The CSU is turning away qualified students who were promised a place in our state university system in California’s Master Plan for Higher Education. More than 31,400 students were denied admission in 2016-17, more were turned away in the current year. Without a conscious change in funding policy, more students are likely to be excluded in the future. Under CFA’s proposed funding for enrollment growth, an additional 18,205 full-time students would be admitted.

CFA supports an increase in funding of $422.6 million for the CSU that would accommodate a 5 percent growth in student enrollment in the 2018-19 academic year.

CFA’s open letter states: “CFA is painfully aware that a 5 percent increase in enrollment does not reach every eligible student. Thousands would still be turned away, but we have to start somewhere. California must continue to re-invest in the future until the promise is fully realized.”  See

In early 2017, CFA highlighted a point made by CFA leader Cecil Canton, a Sacramento State faculty member, who testified to a state legislative hearing that as the CSU student population “got darker, the funding got lighter.” (Canton was among the faculty docents giving interviews at the Pop-Up on January 10). The changing demographics of the CSU student body and the decrease in per student funding is documented in the CFA report “Equity Interrupted: How California is Cheating Its Future” (

The open letter reiterates: “Today’s high school and community college students are the most racially and ethnically diverse in the state’s history. Over the years in which this demographic shift occurred, we see a simultaneous, systematic, and chronic reduction in state funding for the CSU.”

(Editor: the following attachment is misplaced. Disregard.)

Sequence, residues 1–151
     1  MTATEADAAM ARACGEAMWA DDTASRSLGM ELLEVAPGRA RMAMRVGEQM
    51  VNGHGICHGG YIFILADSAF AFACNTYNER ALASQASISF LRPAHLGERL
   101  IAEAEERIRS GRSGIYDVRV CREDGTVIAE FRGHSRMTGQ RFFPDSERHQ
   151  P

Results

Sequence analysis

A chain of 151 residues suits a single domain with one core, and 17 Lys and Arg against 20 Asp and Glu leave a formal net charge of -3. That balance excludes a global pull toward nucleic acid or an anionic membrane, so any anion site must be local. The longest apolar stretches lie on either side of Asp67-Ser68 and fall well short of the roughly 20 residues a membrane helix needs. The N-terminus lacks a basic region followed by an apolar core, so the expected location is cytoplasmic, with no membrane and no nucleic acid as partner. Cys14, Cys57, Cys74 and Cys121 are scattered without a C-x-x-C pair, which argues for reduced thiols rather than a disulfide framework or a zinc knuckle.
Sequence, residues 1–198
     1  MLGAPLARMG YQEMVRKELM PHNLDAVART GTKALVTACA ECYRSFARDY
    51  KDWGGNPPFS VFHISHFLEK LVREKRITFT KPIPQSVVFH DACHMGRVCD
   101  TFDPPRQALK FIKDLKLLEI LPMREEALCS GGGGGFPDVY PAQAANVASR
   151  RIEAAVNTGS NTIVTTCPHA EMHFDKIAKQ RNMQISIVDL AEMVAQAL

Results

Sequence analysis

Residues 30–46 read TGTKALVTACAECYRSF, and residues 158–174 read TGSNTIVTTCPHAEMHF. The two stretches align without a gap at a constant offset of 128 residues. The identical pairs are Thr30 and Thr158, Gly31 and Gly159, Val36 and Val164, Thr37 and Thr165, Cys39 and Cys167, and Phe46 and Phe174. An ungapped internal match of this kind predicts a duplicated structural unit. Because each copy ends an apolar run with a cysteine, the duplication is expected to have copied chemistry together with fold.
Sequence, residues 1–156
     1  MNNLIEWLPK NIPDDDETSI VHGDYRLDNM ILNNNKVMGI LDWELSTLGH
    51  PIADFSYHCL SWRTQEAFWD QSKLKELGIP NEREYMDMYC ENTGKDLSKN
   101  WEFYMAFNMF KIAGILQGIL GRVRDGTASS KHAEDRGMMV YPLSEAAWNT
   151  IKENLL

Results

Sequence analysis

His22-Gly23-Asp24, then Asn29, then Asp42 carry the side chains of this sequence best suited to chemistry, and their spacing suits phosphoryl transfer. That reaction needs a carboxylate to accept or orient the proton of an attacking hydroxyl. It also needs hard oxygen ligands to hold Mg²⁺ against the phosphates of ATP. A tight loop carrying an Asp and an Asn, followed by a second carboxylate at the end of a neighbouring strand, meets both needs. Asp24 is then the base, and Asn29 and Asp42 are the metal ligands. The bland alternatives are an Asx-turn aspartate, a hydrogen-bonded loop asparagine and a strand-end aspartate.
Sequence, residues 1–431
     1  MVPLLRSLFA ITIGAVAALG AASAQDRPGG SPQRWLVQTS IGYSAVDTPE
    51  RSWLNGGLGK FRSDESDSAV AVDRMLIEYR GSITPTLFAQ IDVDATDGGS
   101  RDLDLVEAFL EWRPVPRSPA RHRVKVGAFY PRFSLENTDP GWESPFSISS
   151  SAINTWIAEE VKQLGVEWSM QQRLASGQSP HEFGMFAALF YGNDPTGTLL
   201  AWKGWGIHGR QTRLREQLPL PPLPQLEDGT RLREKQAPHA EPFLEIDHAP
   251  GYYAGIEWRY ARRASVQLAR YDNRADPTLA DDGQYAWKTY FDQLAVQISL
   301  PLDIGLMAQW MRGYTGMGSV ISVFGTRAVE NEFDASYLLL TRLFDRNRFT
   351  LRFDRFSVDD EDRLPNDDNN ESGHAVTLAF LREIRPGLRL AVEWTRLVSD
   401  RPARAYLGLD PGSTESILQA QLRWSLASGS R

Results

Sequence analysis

The faculty made the case during and immediately following the Governor’s budget announcement at the Capitol on Wednesday, January 10.

Faculty from CSU campuses talked about this disinvestment in our students in front of the back-drop of a Pop-Up Art Installation of 1,570 seats, each of which represented 20 students denied access to the CSU.. CFA leaders acting as docents, gave interviews and explained facts behind the art installation for legislators and staffers, interested parties, and the news media. Learn more and see a Photo Gallery at

CFA President Jennifer Eagan says:

“The time has come for the state of California to end the long, slow process of dismantling public higher education. For decades, state disinvestment from the California State University has harmed students and it has harmed our state.

“We are taking this action to demonstrate just how many students are being left behind and to call on all advocates for public higher education and our state to stand up for the CSU—for our students, for our university, and for the future of California.”

ABOUT THE CALIFORNIA FACULTY ASSOCIATION: CFA represents more than 28,000 tenured and tenure-track instructional faculty, lecturers, librarians, counselors and coaches on the 23 campuses of the California State University system, from Humboldt State in the north, to San Diego State in the south. Learn more about CFA at             ###